Benson was hard to pin down. An avid believer in spirits and ghosts, he was involved in seances and wrote of the demonic possession of children by the ghosts of evil men, who became evil spirits. He also served as the Bishop of Canterbury, the highest office in the Anglican Church of England from 1883 to 1896.

    He was a man of mystery, but one thing wasn’t mysterious at all, he was sickened by the drunks staggering through the streets of every English town and city each Christmas.

    In 1880, he wrote a Christmas carol service for his congregation in Truro, the largest town in Cornwall.

    The idea was to make the music so enticing that the drunks would leave the pubs and come to church. It worked. It worked so well that it became a tradition.

    We take Christmas carols for granted today. If you’re in a big box store, or in a large department store in a city you begin to hear Christmas music through the speakers soon after Halloween.

    What the good bishop tried to accomplish in getting the English drunks off the barstools and into the pews, is now marketing 101 for corporations large and small across the world.

    Scotland didn’t celebrate Thanksgiving, but they did have Black Friday sales at every store we encountered. An economic opportunity whether tied to a celebrated holiday or not, remains an economic opportunity.

    Christmas carols are a tradition, with each of us having a favorite.

    For me, it’s not Christmas until I hear Jose Feliciano belting out “Feliz Navidad.”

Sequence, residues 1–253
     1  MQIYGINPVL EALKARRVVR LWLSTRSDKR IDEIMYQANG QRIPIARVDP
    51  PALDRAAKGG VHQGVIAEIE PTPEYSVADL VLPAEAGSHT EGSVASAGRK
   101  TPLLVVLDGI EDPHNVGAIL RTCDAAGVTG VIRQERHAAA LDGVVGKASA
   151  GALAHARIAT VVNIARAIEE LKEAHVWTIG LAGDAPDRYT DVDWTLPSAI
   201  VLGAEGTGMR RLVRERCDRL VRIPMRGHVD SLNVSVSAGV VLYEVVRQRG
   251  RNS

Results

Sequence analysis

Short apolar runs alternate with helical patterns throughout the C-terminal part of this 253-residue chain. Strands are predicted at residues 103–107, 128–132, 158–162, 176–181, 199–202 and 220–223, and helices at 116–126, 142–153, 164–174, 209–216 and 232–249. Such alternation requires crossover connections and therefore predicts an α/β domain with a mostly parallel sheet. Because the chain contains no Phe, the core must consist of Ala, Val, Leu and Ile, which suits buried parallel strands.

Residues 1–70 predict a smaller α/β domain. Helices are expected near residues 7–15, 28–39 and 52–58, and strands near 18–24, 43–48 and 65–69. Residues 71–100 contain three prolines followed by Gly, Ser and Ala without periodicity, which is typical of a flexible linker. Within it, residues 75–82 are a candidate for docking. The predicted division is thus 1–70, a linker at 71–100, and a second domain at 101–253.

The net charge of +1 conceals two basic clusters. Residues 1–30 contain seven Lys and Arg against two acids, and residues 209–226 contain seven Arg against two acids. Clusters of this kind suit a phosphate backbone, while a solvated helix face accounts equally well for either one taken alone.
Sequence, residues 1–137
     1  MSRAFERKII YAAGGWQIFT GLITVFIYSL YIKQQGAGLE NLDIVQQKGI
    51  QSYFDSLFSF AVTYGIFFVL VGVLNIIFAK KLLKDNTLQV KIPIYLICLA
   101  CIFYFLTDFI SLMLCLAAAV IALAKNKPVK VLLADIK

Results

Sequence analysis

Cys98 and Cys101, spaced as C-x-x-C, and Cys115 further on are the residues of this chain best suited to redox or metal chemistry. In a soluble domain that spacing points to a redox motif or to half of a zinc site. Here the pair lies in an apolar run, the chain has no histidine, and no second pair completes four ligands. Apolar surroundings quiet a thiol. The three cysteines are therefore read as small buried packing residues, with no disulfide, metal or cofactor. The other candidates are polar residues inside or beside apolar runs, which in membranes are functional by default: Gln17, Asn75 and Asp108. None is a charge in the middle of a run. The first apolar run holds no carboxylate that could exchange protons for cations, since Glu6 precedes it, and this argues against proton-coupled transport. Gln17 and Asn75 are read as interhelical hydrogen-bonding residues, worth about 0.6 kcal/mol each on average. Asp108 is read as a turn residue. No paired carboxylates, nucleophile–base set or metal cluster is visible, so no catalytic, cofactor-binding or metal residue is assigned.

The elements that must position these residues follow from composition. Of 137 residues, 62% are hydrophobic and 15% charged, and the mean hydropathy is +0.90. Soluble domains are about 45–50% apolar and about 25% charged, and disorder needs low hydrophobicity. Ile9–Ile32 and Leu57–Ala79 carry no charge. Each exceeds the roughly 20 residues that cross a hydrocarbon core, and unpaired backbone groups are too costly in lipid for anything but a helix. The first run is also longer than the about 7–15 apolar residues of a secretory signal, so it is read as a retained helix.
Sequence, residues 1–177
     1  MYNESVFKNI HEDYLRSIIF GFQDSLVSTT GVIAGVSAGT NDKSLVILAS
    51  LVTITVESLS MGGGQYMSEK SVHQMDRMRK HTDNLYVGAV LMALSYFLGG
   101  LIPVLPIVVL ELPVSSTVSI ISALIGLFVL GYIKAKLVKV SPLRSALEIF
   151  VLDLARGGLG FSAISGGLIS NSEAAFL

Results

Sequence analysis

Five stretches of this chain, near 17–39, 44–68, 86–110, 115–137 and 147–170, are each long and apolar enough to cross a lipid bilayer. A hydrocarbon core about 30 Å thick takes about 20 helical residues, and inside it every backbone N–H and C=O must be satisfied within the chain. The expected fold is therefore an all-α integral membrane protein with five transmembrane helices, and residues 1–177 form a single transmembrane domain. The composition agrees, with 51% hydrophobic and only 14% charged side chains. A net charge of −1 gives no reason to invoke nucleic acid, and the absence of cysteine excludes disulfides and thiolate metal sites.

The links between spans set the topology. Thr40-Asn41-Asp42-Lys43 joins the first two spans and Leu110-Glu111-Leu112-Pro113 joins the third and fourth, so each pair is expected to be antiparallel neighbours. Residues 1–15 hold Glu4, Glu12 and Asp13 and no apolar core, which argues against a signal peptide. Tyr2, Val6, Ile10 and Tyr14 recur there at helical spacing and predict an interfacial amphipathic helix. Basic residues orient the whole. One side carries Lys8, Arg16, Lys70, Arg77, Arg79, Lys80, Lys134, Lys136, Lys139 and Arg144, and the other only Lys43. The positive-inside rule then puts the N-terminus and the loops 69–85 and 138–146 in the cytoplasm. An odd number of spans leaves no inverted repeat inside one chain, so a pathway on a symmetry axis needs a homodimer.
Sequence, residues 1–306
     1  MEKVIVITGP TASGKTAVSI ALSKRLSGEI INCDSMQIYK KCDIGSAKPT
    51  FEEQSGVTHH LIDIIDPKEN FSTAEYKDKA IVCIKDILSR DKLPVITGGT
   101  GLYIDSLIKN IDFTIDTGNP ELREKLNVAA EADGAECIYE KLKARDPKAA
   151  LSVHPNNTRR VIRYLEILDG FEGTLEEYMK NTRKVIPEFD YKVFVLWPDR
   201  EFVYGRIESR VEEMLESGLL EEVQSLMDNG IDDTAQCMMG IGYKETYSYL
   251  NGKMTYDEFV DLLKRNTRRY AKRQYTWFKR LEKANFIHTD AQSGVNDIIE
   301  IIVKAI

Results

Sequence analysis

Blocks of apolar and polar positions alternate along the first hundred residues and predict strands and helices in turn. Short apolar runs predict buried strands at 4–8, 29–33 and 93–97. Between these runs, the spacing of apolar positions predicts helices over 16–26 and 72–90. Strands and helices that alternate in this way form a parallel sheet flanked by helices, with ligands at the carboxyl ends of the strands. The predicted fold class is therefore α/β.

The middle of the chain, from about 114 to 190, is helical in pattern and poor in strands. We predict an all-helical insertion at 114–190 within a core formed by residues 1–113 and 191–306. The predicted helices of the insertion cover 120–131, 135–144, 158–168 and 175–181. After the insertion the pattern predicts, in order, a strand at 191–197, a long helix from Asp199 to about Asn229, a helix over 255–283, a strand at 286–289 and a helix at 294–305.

My other two favorites are probably not in the Billboard Top 40 of Christmas songs, but do I care?

    “Mary’s Boy Child,” with just a hint of Calypso by Harry Belafonte comes to mind. If you don’t recognize it, here is a snippet, “Hark, now hear the angels sing, a king was born today, And man will live for evermore, because of Christmas Day.”

    My third choice is “The Little Drummer Boy” Bing Crosby’s second most popular Christmas song after “White Christmas.”

    The one Christmas song (not a carol) that makes every top-five list, at least in America, isn’t about Christmas at all.

    Sing “Jingle Bells” in your head and stop when you get to the word, Christmas. You’ll be singing for a long time since it isn’t there.

    Jingle Bells was a Thanksgiving song for children at one time, or a southern drinking song in another version. The debate is inconclusive, but what is known is that the son of the richest man to ever live in America, J.P. Morgan, wrote it in Massachusetts in 1850, and published it in Georgia in 1857.

    Pierpont Morgan’s original song was called “One Horse Open Sleigh” and had a few off-color lyrics for its time.

    Here is a sample.

    A day or two ago
    I thought I’d take a ride
    And soon, Miss Fanny Bright
    Was seated by my side,
    The horse was lean and lank
    Misfortune seemed his lot
    He got into a drifted bank
    And then we got upsot.

    Not the version you know, is it?

    In Salem, Massachusetts the bells were sleigh bells, but in the version sung in Savannah, Georgia, where sleighs, ice, and snow are unknown, those bells were the tinkling of ice cubes (also a rarity in the 1800s) in a glass at the bar.

    “And so, this is Christmas. And what have we done? Another year over. And a new one just begun,” John Lennon.

    Happy Holidays.